My friend and colleague at the National Geographic Society, Mike Fay, and I had been talking for many years about combining our twin interests – conservation and exploration – to see a part of Gabon he did not yet know. While he had walked the breadth of the Congo – famously, during his 1999-2000 Megatransect, over one and a half years and 2,000 miles of the densest jungles – there were still parts of the country accessible only by water, which we went to investigate.
Accompanied by photographer Peter McBride and two Gabonese eco-guides, we made an exhausting and exhilarating circumnavigation of Gabon’s jewel of a national park, Loango. Bordered by the Atlantic
Ocean and stretching 40 miles into the jungled interior, we kayaked and portaged more than 200 miles around the park’s perimeter, seeing this wild country from a new and different perspective. Along the way we encountered river-swimming elephants, manatees, tarpon, surfing hippos, gorillas and more. By trip’s end it was hard to decide which were the most beautiful, and the most difficult, parts of the expedition, but it was eye opening, for us all.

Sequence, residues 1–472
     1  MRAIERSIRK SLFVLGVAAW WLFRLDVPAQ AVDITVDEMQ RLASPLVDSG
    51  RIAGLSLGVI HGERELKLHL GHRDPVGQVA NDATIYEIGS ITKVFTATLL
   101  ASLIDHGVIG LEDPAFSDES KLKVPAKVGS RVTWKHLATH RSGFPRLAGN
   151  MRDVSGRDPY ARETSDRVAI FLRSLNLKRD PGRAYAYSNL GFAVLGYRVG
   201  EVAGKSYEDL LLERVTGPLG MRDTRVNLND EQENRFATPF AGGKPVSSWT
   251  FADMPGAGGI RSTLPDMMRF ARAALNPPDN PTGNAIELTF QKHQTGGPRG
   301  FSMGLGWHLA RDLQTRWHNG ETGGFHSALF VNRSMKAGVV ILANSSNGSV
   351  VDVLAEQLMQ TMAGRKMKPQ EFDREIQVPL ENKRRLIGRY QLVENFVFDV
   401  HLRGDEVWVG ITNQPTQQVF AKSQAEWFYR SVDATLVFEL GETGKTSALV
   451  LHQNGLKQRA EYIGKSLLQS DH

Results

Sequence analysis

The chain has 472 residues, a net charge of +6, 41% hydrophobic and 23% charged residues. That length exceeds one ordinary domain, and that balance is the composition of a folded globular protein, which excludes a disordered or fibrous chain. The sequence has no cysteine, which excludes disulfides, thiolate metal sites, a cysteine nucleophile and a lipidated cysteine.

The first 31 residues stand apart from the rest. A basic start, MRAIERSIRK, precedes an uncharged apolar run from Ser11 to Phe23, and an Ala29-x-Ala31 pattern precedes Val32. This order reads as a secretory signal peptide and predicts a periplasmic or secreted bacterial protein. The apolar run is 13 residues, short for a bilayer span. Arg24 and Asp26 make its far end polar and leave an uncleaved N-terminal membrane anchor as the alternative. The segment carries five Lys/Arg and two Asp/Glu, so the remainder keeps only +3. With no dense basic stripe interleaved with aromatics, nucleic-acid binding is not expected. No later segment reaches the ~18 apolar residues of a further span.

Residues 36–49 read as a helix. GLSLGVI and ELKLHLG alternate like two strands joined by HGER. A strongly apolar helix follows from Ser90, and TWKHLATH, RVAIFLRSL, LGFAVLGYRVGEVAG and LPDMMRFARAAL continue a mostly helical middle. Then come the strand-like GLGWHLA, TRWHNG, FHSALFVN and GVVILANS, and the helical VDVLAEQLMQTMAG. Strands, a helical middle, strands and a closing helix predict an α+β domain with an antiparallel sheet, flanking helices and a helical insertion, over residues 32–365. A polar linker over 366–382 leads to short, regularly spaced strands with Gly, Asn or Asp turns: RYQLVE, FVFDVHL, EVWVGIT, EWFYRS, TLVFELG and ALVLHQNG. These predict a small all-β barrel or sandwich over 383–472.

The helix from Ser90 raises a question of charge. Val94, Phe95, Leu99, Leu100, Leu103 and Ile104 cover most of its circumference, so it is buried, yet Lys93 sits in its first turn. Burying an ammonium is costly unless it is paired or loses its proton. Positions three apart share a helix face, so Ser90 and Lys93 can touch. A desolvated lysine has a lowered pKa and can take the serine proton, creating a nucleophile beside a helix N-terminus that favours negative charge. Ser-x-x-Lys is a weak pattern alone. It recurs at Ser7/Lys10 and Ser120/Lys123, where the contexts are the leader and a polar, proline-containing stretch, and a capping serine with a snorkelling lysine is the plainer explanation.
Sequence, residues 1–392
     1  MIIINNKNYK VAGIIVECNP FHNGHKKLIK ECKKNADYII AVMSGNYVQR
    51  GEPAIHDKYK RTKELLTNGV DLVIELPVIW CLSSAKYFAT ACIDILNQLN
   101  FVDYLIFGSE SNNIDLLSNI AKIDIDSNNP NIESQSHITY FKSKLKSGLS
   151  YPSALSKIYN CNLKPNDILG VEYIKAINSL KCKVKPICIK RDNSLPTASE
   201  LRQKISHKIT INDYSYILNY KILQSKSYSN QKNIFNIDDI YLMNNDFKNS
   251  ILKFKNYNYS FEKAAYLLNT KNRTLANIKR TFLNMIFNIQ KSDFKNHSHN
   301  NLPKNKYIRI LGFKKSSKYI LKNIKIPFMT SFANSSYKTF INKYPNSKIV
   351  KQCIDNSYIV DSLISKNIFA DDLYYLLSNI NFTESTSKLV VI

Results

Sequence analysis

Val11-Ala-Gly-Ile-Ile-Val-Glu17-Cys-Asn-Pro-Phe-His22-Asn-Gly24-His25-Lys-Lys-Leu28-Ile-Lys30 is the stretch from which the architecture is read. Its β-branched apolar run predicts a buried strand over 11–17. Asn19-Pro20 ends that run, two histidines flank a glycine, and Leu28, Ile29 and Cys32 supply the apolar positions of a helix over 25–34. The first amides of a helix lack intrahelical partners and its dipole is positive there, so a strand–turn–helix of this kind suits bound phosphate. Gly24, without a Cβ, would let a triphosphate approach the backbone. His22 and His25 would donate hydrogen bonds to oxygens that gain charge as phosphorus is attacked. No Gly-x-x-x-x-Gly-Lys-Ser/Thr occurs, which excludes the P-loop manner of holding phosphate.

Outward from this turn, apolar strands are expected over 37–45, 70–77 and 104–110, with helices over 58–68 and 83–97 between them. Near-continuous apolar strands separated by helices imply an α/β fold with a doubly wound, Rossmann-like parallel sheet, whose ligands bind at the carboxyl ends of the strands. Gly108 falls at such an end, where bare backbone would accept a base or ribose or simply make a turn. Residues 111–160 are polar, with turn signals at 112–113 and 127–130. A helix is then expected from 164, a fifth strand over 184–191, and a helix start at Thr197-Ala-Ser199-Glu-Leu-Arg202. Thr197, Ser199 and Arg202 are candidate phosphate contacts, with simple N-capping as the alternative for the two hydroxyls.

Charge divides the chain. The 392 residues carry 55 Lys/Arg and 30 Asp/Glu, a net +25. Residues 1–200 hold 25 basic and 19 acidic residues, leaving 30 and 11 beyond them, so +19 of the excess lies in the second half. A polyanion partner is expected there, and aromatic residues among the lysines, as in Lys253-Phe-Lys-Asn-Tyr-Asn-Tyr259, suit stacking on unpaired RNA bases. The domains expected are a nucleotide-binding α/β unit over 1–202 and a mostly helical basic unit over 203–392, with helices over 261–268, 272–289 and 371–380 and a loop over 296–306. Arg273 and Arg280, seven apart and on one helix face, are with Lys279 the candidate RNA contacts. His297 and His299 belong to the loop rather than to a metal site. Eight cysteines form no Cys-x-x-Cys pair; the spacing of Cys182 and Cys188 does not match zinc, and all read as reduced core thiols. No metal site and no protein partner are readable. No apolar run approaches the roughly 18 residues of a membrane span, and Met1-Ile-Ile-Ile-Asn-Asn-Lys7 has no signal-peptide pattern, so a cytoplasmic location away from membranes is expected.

This ongoing project from writer and adventurer Jon Bowermaster includes a series of expeditions to explore the world’s oceans from the seat of a sea kayak. Used as both transportation and as floating ambassadors, sea kayaks allow Jon and his teams – comprised of some of the world’s best photographers, filmmakers, scientists and navigators – to reach corners of the world rarely seen. The goal of each expedition is adventure and education through exploration of local cultures, histories, environmental issues and the future of these varied regions. Supported by the National Geographic Expeditions Council, the expeditions have taken Jon to the heart of the Aleutian Islands, through the Tuamotu Atolls in French Polynesia, across the high plains of Bolivia, Chile and Argentina, up the wild coastline of Gabon in West Africa, along Croatia’s Dalmatian Coast, and around the rugged shores of the Australian island of Tasmania.